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Publication Date
14 September 2016

Insights from a Refined Decomposition of Cloud Feedbacks

A refined decomposition better connects cloud feedbacks to individual processes and more clearly reveals robust feedbacks.
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Scientists in the Cloud Processes Research Group at Lawrence Livermore National Laboratory quantified changes in Earth’s energy budget due to changes in cloud properties that accompany global warming in climate models, known as cloud feedbacks.  By distinguishing between feedbacks due to low clouds that reside in the boundary layer from feedbacks due to non-low clouds in the free troposphere, they were able to better attribute cloud feedbacks to individual processes, to highlight feedbacks that are robust in sign across models, to quantify sources of inter-model spread in cloud feedback, and to estimate a “null hypothesis” climate sensitivity from well-understood and robustly-simulated feedbacks.


Despite a large inter-model spread in simulated cloud feedback, the refined decomposition reveals that models systematically simulate positive feedbacks from decreasing low cloud amount and increasing high cloud altitude and negative feedbacks from increasing low cloud optical depth.  Whereas recent studies indicate that the negative optical depth feedback is overstated in models, the robust positive feedbacks are well-supported by observations, theory, and high resolution modeling.  Including these two positive cloud feedbacks, the “null hypothesis” climate sensitivity arising from well-understood and robustly-simulated feedbacks is at least 3 degrees Celsius.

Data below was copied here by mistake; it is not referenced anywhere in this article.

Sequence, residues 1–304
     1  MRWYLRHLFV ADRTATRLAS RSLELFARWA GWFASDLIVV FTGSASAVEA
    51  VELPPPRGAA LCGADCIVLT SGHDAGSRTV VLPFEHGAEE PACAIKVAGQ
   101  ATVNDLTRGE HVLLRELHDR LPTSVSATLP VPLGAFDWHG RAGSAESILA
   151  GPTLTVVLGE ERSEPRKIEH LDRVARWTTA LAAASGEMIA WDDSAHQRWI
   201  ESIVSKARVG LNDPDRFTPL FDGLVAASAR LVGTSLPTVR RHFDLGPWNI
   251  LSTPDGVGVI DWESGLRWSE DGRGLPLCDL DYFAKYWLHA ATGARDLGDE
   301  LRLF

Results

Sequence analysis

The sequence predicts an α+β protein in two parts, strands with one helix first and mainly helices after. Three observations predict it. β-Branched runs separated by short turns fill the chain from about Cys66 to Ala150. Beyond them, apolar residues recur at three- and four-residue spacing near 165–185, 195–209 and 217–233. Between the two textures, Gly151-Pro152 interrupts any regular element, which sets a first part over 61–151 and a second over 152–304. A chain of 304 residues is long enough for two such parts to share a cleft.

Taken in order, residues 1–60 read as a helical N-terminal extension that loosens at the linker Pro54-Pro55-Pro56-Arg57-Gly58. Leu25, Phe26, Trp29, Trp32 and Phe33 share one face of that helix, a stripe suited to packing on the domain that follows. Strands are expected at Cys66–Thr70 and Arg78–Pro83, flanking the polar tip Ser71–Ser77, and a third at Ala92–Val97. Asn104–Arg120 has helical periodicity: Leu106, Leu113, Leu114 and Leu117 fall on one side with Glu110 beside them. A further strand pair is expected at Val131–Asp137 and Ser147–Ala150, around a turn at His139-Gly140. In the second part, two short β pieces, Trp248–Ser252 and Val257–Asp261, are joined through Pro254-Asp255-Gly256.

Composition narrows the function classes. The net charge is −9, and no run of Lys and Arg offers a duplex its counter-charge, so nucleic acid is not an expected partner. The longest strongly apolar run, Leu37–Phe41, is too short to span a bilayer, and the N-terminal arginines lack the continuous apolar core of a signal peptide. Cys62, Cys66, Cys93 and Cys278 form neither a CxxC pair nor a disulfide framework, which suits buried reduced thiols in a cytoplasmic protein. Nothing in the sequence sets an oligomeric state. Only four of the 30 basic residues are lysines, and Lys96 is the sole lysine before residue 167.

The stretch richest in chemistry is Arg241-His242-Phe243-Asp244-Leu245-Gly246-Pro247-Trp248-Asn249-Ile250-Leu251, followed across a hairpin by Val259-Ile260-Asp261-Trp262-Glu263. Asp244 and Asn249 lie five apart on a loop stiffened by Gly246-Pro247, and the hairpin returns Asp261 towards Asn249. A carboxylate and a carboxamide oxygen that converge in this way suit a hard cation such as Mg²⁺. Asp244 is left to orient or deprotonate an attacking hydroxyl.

Cloud feedback – the change in Earth’s energy budget due to warming-induced changes in cloud properties – represents the largest source of inter-model differences in the amount of global warming per doubling of carbon dioxide. Decomposing cloud feedback into components due to changes in cloud amount, altitude, and albedo provides valuable insights into its physical causes. In this study the researchers quantified feedbacks from changes in these three cloud properties separately for low boundary layer clouds and free tropospheric clouds. It revealed that all climate models simulate positive feedbacks from increasing free tropospheric cloud altitude and decreasing low cloud cover and negative feedbacks from increasing low cloud albedo. Low cloud amount feedback is the dominant contributor to spread in net cloud feedback, but its anti-correlation with other components damps overall spread. Compared to the conventional cloud altitude feedback computed considering all clouds collectively, the ensemble mean free tropospheric cloud altitude feedback is 40% smaller and is better constrained. The authors estimated the “null hypothesis” climate sensitivity arising from well-understood and robustly-simulated feedbacks to be at least 3 degrees Celsius.

Point of Contact
Mark Zelinka
Lawrence Livermore National Laboratory (LLNL)
Funding Program Area(s)